“Batteries are like humans,” says Anna Stefanopoulou, director of the University of Michigan’s Energy Institute. They prefer the same sort of temperature range that people do. Anything below 40 or above 115 degrees Fahrenheit and they’re not going to deliver their peak performance. They like to be around 60 to 80 degrees. As the temperature drops, the electrolyte fluid inside the battery cells becomes more sluggish. “You don’t have as much power when you want to discharge,” says Stefanopoulou. “The situation is even more limited when you want to charge.”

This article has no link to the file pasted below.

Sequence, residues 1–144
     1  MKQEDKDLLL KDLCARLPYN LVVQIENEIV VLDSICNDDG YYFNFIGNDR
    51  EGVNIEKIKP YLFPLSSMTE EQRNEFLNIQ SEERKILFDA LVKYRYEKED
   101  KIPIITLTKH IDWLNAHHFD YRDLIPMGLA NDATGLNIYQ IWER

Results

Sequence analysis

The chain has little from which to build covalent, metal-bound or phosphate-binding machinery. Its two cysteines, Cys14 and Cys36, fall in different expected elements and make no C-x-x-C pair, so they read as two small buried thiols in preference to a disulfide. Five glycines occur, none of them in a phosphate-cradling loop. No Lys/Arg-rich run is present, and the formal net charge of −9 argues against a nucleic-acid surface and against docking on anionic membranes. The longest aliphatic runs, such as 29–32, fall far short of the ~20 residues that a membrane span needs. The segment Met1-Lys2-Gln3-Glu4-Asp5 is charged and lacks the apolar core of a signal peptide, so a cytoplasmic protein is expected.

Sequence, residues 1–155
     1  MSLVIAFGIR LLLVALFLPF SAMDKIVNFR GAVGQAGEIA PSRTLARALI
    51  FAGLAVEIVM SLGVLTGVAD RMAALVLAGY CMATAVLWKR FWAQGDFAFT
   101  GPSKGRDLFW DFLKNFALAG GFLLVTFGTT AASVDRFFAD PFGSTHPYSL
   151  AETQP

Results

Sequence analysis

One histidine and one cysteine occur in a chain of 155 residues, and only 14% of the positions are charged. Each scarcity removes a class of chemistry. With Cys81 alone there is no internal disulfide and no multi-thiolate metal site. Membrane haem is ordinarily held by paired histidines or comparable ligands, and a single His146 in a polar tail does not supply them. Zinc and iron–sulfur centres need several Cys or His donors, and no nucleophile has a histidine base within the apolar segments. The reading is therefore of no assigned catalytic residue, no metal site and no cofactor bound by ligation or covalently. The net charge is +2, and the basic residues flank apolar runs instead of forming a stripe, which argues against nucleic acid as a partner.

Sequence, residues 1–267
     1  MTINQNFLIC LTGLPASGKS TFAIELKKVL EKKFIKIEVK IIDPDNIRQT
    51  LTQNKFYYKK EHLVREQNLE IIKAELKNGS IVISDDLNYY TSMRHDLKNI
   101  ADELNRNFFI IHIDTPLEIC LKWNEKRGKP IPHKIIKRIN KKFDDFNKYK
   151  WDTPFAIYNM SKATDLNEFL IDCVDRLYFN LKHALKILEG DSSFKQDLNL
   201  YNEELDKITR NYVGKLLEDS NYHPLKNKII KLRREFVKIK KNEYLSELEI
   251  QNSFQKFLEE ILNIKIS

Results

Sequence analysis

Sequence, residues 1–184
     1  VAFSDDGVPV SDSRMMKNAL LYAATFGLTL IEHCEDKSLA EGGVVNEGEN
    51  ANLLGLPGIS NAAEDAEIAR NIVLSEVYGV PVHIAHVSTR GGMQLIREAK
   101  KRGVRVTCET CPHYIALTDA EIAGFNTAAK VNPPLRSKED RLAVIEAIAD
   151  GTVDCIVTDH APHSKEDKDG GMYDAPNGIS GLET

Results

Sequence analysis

Researchers like Stefanopoulou are working on smart solutions to maximize the cold weather coping capacity of cars. If the navigation system is programmed to head to a fast charger, the computer can make sure the battery is nice and warm by the time it arrives there. And in a recent paper, Stefanopoulou suggests a battery could discharge some of its precious energy when it’s cold, to keep itself warm. That sounds counterintuitive when range is already limited, but driving on a cold battery, with high resistance, when current demands to the motors are also high, is more wasteful.